Ca2+ Release Activated Ca2+ (CRAC) Channels in Control of Leukemic Cell Metabolism and Leukemia Stem Cell Maintenance in T-ALL
T-cell acute lymphoblastic leukemia (T-ALL) is a white blood cell cancer in which tumor cells originating from the bone marrow spread using the bloodstream and invade peripheral organs. Advancement in treatment today allow 80-90% of the patients to recover. However, a significant percentage of them experience relapses. Relapses after successful remission were suggested to occur due to leukemic stem cells that survive the primary therapy and re-establish a harder to treat tumor. Some important studies now point out that therapy insensitive leukemic stem cells could be targeted based on their distinct way to utilize glucose. Leukemia stem cells were found to break down glucose in their mitochondria, the energy producing "power-plants" of cells, as opposed to regular leukemic cells, which utilize glucose in a less-efficient way.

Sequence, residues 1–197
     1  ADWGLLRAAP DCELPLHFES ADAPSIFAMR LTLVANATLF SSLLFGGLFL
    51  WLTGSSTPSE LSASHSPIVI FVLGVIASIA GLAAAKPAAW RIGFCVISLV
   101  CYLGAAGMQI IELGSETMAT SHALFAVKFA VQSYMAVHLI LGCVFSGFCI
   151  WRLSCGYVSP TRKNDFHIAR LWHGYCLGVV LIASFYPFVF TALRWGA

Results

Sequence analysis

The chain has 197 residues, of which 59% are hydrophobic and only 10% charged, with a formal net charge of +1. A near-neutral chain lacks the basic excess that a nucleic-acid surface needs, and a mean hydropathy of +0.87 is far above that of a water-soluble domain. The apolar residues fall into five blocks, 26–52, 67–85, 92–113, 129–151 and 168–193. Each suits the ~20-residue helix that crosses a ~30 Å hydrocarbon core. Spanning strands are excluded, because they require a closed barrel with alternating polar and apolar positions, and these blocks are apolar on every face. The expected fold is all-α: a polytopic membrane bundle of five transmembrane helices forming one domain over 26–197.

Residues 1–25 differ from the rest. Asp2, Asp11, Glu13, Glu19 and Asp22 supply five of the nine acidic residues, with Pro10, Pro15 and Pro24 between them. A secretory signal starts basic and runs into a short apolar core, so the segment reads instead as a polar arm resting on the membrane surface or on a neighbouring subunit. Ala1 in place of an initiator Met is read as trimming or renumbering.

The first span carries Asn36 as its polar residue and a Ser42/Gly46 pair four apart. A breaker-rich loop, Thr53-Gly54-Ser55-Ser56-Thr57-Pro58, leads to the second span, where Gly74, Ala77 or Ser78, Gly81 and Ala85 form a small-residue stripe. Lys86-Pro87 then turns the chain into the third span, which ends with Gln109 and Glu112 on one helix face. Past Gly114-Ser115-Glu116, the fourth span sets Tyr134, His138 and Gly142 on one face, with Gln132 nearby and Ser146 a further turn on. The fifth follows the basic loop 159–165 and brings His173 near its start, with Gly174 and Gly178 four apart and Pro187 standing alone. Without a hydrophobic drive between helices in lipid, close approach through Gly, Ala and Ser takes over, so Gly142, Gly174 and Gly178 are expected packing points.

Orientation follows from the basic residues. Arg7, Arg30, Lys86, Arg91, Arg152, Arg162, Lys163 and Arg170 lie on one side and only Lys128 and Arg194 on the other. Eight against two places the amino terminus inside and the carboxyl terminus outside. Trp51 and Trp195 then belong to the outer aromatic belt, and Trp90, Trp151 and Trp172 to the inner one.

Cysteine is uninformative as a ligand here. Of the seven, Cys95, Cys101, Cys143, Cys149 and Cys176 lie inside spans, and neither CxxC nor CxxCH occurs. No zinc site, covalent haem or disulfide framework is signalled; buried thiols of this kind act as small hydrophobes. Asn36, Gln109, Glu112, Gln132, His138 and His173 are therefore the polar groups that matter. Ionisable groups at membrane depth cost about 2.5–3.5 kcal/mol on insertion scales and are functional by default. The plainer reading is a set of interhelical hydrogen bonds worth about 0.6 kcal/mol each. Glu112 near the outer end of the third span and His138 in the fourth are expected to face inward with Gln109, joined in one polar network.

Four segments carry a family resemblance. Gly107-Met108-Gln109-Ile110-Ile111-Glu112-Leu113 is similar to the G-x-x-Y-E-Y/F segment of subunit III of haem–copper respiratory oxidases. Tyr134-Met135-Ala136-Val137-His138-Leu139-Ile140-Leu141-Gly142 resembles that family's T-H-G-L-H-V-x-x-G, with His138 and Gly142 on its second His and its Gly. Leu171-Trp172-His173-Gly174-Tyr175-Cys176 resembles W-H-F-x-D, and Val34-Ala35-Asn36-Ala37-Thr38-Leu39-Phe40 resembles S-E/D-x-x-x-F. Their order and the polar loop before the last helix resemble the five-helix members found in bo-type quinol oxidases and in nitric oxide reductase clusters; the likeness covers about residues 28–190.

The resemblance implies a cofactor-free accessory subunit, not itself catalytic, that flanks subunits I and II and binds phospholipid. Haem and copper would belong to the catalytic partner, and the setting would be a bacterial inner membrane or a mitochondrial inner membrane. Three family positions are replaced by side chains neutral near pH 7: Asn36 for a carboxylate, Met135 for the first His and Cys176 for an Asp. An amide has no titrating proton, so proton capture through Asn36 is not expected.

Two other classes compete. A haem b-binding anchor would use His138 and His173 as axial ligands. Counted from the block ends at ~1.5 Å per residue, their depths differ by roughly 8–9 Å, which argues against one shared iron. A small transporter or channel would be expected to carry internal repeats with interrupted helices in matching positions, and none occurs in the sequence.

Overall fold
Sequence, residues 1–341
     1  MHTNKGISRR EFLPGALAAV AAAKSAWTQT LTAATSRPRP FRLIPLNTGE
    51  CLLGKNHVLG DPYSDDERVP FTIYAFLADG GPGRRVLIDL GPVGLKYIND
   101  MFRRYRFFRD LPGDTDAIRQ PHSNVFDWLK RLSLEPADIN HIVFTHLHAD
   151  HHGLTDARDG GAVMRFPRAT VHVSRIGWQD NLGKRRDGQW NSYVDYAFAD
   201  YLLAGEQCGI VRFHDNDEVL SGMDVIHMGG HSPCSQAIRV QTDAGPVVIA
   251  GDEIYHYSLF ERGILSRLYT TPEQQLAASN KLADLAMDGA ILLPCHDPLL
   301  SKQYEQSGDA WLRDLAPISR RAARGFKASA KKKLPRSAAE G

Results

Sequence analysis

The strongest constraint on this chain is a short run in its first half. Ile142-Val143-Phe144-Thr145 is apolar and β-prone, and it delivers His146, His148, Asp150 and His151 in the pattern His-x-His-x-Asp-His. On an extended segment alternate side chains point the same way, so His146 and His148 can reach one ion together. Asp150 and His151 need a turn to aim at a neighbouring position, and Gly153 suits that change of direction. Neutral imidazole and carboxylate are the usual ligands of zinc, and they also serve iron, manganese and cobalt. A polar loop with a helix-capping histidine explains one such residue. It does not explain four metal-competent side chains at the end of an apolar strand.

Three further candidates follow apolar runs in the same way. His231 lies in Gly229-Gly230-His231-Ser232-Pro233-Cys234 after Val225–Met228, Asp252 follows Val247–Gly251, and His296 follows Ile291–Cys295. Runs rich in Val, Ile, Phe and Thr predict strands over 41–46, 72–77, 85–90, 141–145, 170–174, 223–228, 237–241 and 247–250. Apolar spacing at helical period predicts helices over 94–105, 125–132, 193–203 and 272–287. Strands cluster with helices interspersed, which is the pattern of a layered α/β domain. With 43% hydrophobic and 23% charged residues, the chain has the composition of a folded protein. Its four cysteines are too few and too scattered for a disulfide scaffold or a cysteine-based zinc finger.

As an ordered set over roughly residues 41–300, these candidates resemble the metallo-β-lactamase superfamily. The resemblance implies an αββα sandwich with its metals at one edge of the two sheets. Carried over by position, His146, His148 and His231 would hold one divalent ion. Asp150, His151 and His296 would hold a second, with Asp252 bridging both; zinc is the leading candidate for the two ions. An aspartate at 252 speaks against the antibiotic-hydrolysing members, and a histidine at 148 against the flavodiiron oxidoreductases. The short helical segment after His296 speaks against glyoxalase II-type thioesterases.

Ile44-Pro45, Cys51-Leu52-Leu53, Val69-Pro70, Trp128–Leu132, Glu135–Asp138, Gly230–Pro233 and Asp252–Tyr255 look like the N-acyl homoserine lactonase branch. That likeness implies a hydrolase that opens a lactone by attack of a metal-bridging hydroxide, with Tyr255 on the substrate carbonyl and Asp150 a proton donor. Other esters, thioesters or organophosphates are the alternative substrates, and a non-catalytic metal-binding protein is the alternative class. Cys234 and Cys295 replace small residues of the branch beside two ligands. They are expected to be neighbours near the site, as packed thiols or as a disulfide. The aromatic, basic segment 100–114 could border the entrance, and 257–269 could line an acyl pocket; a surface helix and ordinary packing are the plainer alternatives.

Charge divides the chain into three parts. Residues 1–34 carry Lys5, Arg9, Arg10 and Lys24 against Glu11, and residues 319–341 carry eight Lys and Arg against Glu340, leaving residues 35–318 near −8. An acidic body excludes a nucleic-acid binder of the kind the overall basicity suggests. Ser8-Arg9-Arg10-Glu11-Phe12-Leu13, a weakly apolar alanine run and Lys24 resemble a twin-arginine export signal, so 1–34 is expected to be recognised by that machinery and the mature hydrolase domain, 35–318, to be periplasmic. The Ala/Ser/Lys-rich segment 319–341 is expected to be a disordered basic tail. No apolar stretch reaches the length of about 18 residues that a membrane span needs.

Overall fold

Our preliminary data indicates that a druggable calcium channel, the so called CRAC channel, may be crucial for leukemia stem cells to maintain mitochondrial glucose breakdown. We found that genetic deletion of CRAC channels in leukemic cells prolongs the overall survival of mice with T-ALL. CRAC channel deficient leukemic cells die more frequently than wild-type leukemic cells resulting in reduced numbers of tumor cells and increased survival for mice with T-ALL. We found that leukemic cells lacking CRAC channels have difficulties to utilize genes required for mitochondrial glucose breakdown.
Here, we would like to test the idea that CRAC channels indeed support mitochondrial glucose breakdown in leukemia stem cells, and that using inhibitors against these channels may prevent relapses in pediatric T-ALL.